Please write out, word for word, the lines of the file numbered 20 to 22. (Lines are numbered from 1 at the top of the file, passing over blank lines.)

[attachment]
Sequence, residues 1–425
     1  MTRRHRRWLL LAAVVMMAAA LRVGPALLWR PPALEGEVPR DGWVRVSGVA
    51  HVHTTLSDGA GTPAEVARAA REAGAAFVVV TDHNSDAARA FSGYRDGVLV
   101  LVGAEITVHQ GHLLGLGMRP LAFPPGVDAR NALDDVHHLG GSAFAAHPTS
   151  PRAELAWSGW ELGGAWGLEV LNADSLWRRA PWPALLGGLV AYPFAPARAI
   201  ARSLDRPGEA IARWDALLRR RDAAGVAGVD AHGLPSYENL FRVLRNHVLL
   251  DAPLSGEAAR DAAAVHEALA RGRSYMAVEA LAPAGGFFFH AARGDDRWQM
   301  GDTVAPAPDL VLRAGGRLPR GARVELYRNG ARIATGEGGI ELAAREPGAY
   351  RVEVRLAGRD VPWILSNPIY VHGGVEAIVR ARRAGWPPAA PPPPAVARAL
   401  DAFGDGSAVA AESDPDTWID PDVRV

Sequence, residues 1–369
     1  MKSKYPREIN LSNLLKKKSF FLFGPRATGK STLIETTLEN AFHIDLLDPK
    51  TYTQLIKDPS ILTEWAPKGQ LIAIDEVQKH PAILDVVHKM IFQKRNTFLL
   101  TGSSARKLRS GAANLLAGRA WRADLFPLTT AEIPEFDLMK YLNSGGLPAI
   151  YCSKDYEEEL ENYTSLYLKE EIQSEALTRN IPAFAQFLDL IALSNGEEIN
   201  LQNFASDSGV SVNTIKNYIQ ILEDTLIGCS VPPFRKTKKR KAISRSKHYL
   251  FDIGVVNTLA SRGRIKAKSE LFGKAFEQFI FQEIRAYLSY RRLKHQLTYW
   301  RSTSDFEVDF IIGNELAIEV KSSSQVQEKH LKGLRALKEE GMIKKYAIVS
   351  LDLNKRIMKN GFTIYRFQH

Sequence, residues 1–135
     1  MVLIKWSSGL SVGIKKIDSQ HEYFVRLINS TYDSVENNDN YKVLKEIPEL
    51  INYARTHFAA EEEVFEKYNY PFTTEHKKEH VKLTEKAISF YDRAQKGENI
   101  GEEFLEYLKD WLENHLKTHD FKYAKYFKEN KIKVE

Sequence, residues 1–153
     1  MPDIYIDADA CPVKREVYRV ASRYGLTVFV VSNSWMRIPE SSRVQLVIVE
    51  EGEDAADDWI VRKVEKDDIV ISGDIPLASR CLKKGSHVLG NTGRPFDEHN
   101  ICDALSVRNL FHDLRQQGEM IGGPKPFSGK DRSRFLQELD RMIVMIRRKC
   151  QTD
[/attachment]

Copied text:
Sequence, residues 1–135
     1  MVLIKWSSGL SVGIKKIDSQ HEYFVRLINS TYDSVENNDN YKVLKEIPEL
    51  INYARTHFAA EEEVFEKYNY PFTTEHKKEH VKLTEKAISF YDRAQKGENI